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If there’s one thing you hear a lot in the run-up to the Academy Award nominations, it’s that they’re predictable — that the industry’s “Oscar bait” films are clearly labeled and marketed as such. So maybe it’s just because there was such an embarrassment of cinematic riches in 2012 that there were so many genuine surprises and shocking snubs when Seth MacFarlane and Emma Stone announced the Academy Award nominees yesterday… Read More
As the inevitable “Year’s Best Films” lists pour forth (and ours will join them soon enough) — that while a great movie is an accumulation of first-rate writing, directing, and performance, plenty of films that didn’t make that final cut did offer us the pleasure of a perfect scene. Here, we present our carefully cultivated picks for ten of the best moments from this year’s… Read More
As a general rule, we try to steer clear of “Oscar blogging” this far ahead of the game — it’s a subset of online film writing that too often amounts to announcing that any fall release that generates a fair amount of early-screening praise is suddenly an awards contender that is totally, unexpectedly changing the game. It’s become a pretty silly ritual that we all go through every fall, particularly as more moviegoers and writers come to realize that the Oscars are an essentially meaningless horserace that seldom if ever genuinely reflects what is actually the best of the current cinema.
But gauging trends among the fall prestige pictures — the best foot that Hollywood puts forward every year — can be valuable; it gives us an opportunity to read the tea leaves a bit, to see what studios are hoping to accomplish, and what they would at least like our perception of them to be. And that’s maybe why this year’s Oscar pre-nomination race has become so interesting: because it’s so dominated by big studio releases.
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If you’ve ever wondered why there are so many (for the love of all that is holy, so damn many) Christmas movies, the answer is the same as for most of what happens in Hollywood: Money. Holiday movies are money lying on the ground, to be picked up every single December; a good Christmas movie that becomes a tradition can generate more continuing revenue than even the most beloved of catalogue releases. But there’s the rub — it also has to be a movie people actually want to revisit year after year. Making a good Christmas movie is harder than it looks; the delicate balance of humor, warmth, and schmaltz has to be just right, and for every Christmas Story or Christmas Vacation, we usually end up with three or four Santa Claus: The Movies. After the jump, a few would-be holiday “classics” to keep the hell off your Netflix queues and cable boxes; add your own cautionary tales in the comments.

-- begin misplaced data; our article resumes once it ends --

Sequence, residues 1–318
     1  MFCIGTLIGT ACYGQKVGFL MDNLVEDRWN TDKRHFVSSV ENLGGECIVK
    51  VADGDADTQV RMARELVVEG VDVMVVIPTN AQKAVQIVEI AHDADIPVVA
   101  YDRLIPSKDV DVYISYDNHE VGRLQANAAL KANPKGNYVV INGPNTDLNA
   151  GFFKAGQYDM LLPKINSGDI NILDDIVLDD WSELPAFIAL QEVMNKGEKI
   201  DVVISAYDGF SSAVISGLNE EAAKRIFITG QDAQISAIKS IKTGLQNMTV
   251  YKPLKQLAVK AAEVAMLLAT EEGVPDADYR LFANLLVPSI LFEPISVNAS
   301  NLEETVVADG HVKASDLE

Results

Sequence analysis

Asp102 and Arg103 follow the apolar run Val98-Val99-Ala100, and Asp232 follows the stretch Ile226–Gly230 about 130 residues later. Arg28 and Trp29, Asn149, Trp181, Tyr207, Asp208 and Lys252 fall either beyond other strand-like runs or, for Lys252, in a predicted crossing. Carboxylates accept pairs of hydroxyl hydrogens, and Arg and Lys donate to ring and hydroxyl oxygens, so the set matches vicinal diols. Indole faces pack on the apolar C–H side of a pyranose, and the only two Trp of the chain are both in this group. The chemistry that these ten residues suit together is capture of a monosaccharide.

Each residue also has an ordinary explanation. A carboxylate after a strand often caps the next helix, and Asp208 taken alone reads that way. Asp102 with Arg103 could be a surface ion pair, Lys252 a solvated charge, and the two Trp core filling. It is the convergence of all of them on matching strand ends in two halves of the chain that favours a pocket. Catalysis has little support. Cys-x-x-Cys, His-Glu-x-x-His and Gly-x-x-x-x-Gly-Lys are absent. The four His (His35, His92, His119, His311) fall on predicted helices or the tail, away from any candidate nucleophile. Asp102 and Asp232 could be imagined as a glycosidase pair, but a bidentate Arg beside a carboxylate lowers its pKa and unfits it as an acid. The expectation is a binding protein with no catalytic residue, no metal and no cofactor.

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It was called “The Hollywood option” inside the Agency, and it went like this: Six American consulate workers had barely escaped the 1979 takeover of the US embassy in Tehran, hiding in the home of the Canadian ambassador. In order to rescue them, the CIA needed to send in an operative (or “exfiltration” specialist) with a viable, believable cover story that could get them out. What he came up with was, in the words of his boss, “the best bad idea we have” — that the six Americans were a Canadian film crew, scouting locations for an upcoming science-fiction/adventure film in the Star Wars mold. It was titled Argo, which is also the title of Ben Affleck’s terrific new film about the operation.
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In a career that’s spanned over four decades, Terrence Malick has only released six films. So it’s kind of a big deal that his seventh, To the Wonder, has already debuted to festival audiences in Venice and Toronto, just a year after The Tree of Life dazzled (and baffled) viewers around the world. … Read More